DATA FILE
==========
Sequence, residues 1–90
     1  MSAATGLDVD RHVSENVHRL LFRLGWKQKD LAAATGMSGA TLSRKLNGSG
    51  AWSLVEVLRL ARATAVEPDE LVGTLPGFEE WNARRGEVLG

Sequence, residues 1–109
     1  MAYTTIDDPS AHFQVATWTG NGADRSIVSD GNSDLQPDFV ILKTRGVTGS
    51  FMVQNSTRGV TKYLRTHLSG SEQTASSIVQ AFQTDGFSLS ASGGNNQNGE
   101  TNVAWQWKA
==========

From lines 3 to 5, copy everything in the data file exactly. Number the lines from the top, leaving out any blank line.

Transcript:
    51  AWSLVEVLRL ARATAVEPDE LVGTLPGFEE WNARRGEVLG

Sequence, residues 1–109
     1  MAYTTIDDPS AHFQVATWTG NGADRSIVSD GNSDLQPDFV ILKTRGVTGS